The disadvantages: Unlike her Republican opponent, she will not have been tested. She will not face difficult choices or difficult questions. She will not be forced to experiment on the stump or in debates. She will not be in fighting trim once the real competition gets under way.

No reasonable political professional is arguing that Ms. Clinton should regret her position as the nearly unassailable competitor for the Democratic nomination. Still, the disadvantages must be considered – and addressed.

And of course all of this is without mentioning that Ms. Clinton has a shadow opponent, another woman with a liberal profile – and one who seems to engender more passion among her followers than does Ms. Clinton.

That woman is Senator Elizabeth Warren of Massachusetts, the most prominent voice on the American left in the debate about income inequality and, in the past week, the most prominent (among many) Democratic opponents of President Barack Obama's effort to win authority to negotiate the Trans-Pacific Pact on a fast track.

The TPP, as it is known, involves Canada, the United States and 10 other nations and is described, at least by Obama administration officials, as a counter to the economic threat posed by China and its trade policies. It also regarded by the editorial page of The Wall Street Journal, which hardly ever has a positive thing to say about Mr. Obama, as "a test of whether the centre of both parties can hold against protectionists on the right and left."

Mr. Obama singled out Ms. Warren earlier this month, disparaging her for behaving like a politician – a characterization to be avoided at all costs in contemporary American life – and for having a view of the trade pact that was, in words the President came to regret, "absolutely wrong." The problem for Ms. Clinton is that Ms. Warren has taken a distinct position on the TPP (she's against it, ardently) while Ms. Clinton, whom the Obama administration counted as a supporter, has not. Ms. Warren is acting as a gravitational pull for Ms. Clinton, moving her to the left on issues involving income disparity.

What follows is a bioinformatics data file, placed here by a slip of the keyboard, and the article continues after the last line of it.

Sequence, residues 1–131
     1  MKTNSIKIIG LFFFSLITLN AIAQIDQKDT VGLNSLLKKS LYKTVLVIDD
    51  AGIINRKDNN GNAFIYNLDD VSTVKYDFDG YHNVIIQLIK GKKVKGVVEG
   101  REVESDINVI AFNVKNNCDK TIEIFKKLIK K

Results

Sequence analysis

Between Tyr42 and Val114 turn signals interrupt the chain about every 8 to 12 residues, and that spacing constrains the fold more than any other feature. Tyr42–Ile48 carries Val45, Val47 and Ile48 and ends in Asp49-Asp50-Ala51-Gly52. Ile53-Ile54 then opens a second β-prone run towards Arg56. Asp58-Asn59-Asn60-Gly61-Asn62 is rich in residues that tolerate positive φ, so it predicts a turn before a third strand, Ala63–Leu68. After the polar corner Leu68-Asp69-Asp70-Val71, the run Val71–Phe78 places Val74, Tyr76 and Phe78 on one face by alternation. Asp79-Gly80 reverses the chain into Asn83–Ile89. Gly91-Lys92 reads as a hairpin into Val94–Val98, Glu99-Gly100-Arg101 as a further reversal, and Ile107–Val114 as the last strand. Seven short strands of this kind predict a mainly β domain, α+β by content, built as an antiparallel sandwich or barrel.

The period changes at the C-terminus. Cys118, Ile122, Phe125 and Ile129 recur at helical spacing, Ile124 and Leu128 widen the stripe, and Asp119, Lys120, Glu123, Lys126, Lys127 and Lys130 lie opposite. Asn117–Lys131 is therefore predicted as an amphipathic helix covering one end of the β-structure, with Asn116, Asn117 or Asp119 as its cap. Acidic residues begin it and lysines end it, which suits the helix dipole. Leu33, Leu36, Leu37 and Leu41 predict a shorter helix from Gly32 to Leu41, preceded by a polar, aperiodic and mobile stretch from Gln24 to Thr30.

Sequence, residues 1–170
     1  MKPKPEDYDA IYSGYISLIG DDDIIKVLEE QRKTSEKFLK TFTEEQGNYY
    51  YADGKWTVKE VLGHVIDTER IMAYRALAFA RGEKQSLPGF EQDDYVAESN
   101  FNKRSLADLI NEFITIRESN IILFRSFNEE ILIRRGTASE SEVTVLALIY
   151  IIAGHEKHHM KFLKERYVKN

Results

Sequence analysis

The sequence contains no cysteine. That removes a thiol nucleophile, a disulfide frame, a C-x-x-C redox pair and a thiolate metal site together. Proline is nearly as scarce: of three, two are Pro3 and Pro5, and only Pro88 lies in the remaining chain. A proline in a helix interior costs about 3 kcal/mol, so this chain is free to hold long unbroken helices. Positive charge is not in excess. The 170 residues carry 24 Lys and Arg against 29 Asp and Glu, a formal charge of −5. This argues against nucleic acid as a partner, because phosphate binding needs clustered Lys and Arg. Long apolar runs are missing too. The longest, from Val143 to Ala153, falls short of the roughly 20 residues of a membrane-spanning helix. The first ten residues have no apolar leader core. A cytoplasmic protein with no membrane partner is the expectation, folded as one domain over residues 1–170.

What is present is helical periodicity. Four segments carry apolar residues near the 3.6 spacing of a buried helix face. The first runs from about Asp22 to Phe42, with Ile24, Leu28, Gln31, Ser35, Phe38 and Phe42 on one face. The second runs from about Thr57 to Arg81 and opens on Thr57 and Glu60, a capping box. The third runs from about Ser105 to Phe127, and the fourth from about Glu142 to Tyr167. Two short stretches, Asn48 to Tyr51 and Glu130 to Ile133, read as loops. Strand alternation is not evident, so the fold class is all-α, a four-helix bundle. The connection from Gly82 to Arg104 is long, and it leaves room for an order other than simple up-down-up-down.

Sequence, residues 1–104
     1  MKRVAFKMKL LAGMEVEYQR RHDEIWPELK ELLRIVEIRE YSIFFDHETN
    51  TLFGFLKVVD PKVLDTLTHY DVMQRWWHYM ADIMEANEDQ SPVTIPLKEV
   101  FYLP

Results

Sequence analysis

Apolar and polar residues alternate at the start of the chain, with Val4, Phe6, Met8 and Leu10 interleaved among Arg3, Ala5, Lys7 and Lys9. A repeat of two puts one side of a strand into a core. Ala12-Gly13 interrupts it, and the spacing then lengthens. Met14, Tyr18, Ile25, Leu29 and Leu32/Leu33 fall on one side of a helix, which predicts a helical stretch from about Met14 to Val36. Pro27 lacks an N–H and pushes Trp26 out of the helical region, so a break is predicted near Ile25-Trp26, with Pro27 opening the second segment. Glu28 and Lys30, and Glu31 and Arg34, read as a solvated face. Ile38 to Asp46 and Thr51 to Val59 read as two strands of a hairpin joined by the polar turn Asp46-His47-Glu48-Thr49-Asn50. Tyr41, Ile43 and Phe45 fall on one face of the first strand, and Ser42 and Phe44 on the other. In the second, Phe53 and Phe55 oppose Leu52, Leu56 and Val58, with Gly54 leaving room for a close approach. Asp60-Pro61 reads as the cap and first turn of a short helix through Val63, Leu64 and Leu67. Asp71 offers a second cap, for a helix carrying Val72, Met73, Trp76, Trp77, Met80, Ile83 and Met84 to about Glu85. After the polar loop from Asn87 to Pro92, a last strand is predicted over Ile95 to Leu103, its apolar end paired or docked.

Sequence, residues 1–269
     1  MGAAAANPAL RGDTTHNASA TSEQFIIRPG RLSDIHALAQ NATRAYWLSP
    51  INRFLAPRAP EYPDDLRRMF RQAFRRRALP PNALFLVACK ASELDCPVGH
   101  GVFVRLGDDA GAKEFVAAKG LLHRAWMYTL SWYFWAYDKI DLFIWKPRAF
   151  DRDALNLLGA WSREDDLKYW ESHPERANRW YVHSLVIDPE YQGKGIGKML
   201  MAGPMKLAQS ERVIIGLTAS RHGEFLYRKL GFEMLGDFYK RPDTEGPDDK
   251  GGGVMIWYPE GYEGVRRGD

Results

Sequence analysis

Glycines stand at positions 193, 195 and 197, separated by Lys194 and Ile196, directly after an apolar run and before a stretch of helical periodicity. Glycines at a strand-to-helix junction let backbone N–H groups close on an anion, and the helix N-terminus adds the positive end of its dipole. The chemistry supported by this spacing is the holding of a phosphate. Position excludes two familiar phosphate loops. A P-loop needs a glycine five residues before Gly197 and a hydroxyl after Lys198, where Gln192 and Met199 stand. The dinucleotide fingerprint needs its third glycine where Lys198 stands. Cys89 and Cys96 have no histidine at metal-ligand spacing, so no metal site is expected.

This troubles some Democratic regulars, who would prefer their 2016 nominee lean to the centre rather than to the left, and it delights the Warren partisans, who are angling to get their hero into a presidential race she has repeatedly disavowed.

The day after Mr. Obama lost an embarrassing test vote on the trade pact, Erica Sagrans, the "campaign manager" for a campaign that doesn't exist, issued a statement castigating Ms. Clinton for her apparent indecision and arguing, "Presidents can't duck hard problems – they have to tackle them head on. That's what Elizabeth Warren is doing with TPP right now."

This sort of thing may render moot, or completely reshape, the notion that Ms. Clinton is running alone for the presidency. Her drive for the White House is being shaped, at least in part, by a presidential candidacy that hasn't been declared and very likely won't ever be. She may be the first candidate to run against a phantom opponent. Who says there isn't anything new under the sun?